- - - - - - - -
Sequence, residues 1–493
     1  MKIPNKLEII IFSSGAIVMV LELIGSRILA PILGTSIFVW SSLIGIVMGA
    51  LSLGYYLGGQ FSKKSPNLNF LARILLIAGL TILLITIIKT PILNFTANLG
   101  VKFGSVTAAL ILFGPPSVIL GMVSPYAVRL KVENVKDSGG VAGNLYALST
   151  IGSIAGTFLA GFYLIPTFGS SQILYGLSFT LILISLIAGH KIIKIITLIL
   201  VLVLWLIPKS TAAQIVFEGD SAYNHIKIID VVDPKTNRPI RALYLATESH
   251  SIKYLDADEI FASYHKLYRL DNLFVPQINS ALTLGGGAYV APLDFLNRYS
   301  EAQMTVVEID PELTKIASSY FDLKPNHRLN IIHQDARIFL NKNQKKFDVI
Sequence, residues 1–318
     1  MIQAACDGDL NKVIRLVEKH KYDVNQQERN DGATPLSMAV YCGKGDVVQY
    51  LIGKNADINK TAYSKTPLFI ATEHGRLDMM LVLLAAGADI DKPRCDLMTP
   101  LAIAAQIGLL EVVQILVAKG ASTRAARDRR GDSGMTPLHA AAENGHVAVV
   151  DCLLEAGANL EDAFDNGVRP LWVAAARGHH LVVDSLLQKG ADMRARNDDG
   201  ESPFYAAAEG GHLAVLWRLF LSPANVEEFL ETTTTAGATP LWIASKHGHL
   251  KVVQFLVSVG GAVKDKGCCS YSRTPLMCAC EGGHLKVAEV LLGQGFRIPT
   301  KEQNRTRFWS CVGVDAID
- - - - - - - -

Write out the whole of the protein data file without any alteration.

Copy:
Sequence, residues 1–493
     1  MKIPNKLEII IFSSGAIVMV LELIGSRILA PILGTSIFVW SSLIGIVMGA
    51  LSLGYYLGGQ FSKKSPNLNF LARILLIAGL TILLITIIKT PILNFTANLG
   101  VKFGSVTAAL ILFGPPSVIL GMVSPYAVRL KVENVKDSGG VAGNLYALST
   151  IGSIAGTFLA GFYLIPTFGS SQILYGLSFT LILISLIAGH KIIKIITLIL
   201  VLVLWLIPKS TAAQIVFEGD SAYNHIKIID VVDPKTNRPI RALYLATESH
   251  SIKYLDADEI FASYHKLYRL DNLFVPQINS ALTLGGGAYV APLDFLNRYS
   301  EAQMTVVEID PELTKIASSY FDLKPNHRLN IIHQDARIFL NKNQKKFDVI
Sequence, residues 1–318
     1  MIQAACDGDL NKVIRLVEKH KYDVNQQERN DGATPLSMAV YCGKGDVVQY
    51  LIGKNADINK TAYSKTPLFI ATEHGRLDMM LVLLAAGADI DKPRCDLMTP
   101  LAIAAQIGLL EVVQILVAKG ASTRAARDRR GDSGMTPLHA AAENGHVAVV
   151  DCLLEAGANL EDAFDNGVRP LWVAAARGHH LVVDSLLQKG ADMRARNDDG
   201  ESPFYAAAEG GHLAVLWRLF LSPANVEEFL ETTTTAGATP LWIASKHGHL
   251  KVVQFLVSVG GAVKDKGCCS YSRTPLMCAC EGGHLKVAEV LLGQGFRIPT
   301  KEQNRTRFWS CVGVDAID